A compliance officer who stole more than £500,000 from her law firm after being caught up in an online “romance scam” with what she thought was an American serviceman, has accepted a ban from working again in the solicitors’ profession.
Pamela Wareing was the head cashier and the compliance officer for finance and administration of Blackpool law firm Easthams until 20 December 2016, when she was dismissed and also arrested.
It had emerged that, between 4 November and 19 December 2016, she took £267,000 from the firm’s client account and £260,000 from its office account – £527,000 in total.
According to a notice published today by the Solicitors Regulation Authority (SRA), “the money was paid to a purported soldier in the United States army. It was later established that Ms Wareing had been the victim of a fraud”.
Media reports say that the ‘soldier’, named Carlos Lopez, told her that he wanted to marry and set up home with her, but urgently needed money in the meantime. She sent it to a bank account in Dubai, from where it was moved within seconds.
The US Army Criminal Investigation Command says that it receives hundreds of reports a month from individuals who have fallen victim to “romance scams” of this nature.
Ms Wareing attempted to cover up her actions by making false postings in relation to a probate matter. The client funds were replaced by the directors of Easthams.
Ms Wareing was arrested on 20 December 2016 and in March pleaded guilty to stealing the money. She is due to be sentenced next month after magistrates sent the case to the Crown Court for sentencing, where she could get up to six years’ imprisonment.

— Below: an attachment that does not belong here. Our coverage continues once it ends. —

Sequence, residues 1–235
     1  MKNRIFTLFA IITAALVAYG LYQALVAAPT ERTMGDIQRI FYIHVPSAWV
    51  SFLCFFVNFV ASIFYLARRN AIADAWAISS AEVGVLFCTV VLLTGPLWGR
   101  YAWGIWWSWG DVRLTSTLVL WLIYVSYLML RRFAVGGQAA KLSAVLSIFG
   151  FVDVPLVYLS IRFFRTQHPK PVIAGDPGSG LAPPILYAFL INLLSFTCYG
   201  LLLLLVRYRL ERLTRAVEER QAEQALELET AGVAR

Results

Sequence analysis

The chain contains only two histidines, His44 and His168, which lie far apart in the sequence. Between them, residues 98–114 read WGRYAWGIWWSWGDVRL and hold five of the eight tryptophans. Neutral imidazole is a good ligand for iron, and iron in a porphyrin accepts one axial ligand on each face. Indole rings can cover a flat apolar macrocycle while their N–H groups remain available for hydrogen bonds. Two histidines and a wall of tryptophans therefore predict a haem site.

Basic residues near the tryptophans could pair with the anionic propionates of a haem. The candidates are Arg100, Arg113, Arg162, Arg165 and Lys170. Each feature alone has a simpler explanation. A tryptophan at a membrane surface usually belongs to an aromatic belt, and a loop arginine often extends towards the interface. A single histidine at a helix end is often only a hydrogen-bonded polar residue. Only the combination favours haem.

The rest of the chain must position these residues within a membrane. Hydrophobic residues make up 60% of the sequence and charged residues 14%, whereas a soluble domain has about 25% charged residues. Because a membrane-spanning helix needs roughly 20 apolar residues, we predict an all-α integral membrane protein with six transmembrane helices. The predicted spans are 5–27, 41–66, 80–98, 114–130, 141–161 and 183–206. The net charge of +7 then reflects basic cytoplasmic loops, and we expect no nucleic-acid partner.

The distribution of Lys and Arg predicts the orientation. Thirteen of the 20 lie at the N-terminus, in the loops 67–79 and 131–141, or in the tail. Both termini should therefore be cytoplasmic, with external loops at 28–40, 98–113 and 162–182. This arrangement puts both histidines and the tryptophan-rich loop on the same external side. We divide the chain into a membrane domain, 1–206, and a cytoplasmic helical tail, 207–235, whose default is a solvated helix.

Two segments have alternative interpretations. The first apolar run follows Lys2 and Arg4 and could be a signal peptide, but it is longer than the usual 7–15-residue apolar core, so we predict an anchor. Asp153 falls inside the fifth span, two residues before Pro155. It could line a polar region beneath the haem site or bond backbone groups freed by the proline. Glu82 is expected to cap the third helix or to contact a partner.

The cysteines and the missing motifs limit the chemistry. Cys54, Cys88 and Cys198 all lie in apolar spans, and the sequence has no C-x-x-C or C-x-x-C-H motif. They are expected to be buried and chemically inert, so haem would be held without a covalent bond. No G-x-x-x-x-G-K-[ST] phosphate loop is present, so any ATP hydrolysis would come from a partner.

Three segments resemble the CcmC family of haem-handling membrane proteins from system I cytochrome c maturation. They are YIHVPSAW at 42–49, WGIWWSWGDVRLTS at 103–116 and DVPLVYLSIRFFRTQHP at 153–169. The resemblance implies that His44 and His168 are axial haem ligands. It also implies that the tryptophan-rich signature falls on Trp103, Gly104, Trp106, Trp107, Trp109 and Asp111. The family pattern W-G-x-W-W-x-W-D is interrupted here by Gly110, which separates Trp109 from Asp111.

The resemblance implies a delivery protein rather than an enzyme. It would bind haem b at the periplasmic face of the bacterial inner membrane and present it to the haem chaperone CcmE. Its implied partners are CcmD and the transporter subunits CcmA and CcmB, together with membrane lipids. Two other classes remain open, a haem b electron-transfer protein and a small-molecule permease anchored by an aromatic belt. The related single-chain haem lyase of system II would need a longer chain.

Under the section 43 order imposed by the SRA, Ms Wareing – who also goes by the names of Pamela Shuffelton and Pamela Mcgough – cannot work in the solicitors’ profession without the SRA’s consent.
Easthams director John Bower said: “These thefts took place over a six-week period from 4 November to 20 December 2016.
“Mrs Wareing had been employed by Easthams for some 20 years and was the company COFA, a very trusted employee.
“The thefts began the day after our accountants had left the office having completed our end of year accounts. Our second cashier was on leave and I was in hospital having had emergency surgery to remove a cancerous tumour.
“As soon as we discovered the theft on 20 December, we notified the SRA that day, our accountants had ascertained the amount of the theft from client account by close of business the following day and my co-director Debra Hepplestall and myself made good client account shortfall by 21 December 2016.
“No client suffered any loss and the SRA have cleared us of any wrongdoing.
“Finally, we would like to acknowledge the help and support given by our amazing and loyal staff for their help and understanding since the theft was discovered.”
In a separate case, meanwhile, the SRA has issued a section 43 order against Sharyn Lawson, who was a billing specialist at leading City firm Reed Smith.
She was found to have misused the firm’s credit card by claiming £6,553.94 of personal expenses as work-related items.
Ms Lawson was also given a written rebuke and ordered to pay a financial penalty of £2,000.